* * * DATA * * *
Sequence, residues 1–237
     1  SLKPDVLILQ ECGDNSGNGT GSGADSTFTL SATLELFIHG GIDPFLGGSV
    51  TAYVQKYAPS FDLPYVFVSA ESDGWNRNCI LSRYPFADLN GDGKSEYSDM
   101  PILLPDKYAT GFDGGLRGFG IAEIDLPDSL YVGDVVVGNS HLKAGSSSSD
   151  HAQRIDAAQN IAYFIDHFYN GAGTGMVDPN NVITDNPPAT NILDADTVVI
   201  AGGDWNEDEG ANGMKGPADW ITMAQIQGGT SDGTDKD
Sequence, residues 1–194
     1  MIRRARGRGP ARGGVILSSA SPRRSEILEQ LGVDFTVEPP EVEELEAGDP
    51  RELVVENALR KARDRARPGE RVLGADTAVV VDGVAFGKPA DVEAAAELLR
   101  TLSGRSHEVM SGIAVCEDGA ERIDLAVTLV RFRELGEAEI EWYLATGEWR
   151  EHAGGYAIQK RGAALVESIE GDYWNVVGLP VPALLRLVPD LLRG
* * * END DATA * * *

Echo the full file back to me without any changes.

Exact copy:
Sequence, residues 1–237
     1  SLKPDVLILQ ECGDNSGNGT GSGADSTFTL SATLELFIHG GIDPFLGGSV
    51  TAYVQKYAPS FDLPYVFVSA ESDGWNRNCI LSRYPFADLN GDGKSEYSDM
   101  PILLPDKYAT GFDGGLRGFG IAEIDLPDSL YVGDVVVGNS HLKAGSSSSD
   151  HAQRIDAAQN IAYFIDHFYN GAGTGMVDPN NVITDNPPAT NILDADTVVI
   201  AGGDWNEDEG ANGMKGPADW ITMAQIQGGT SDGTDKD
Sequence, residues 1–194
     1  MIRRARGRGP ARGGVILSSA SPRRSEILEQ LGVDFTVEPP EVEELEAGDP
    51  RELVVENALR KARDRARPGE RVLGADTAVV VDGVAFGKPA DVEAAAELLR
   101  TLSGRSHEVM SGIAVCEDGA ERIDLAVTLV RFRELGEAEI EWYLATGEWR
   151  EHAGGYAIQK RGAALVESIE GDYWNVVGLP VPALLRLVPD LLRG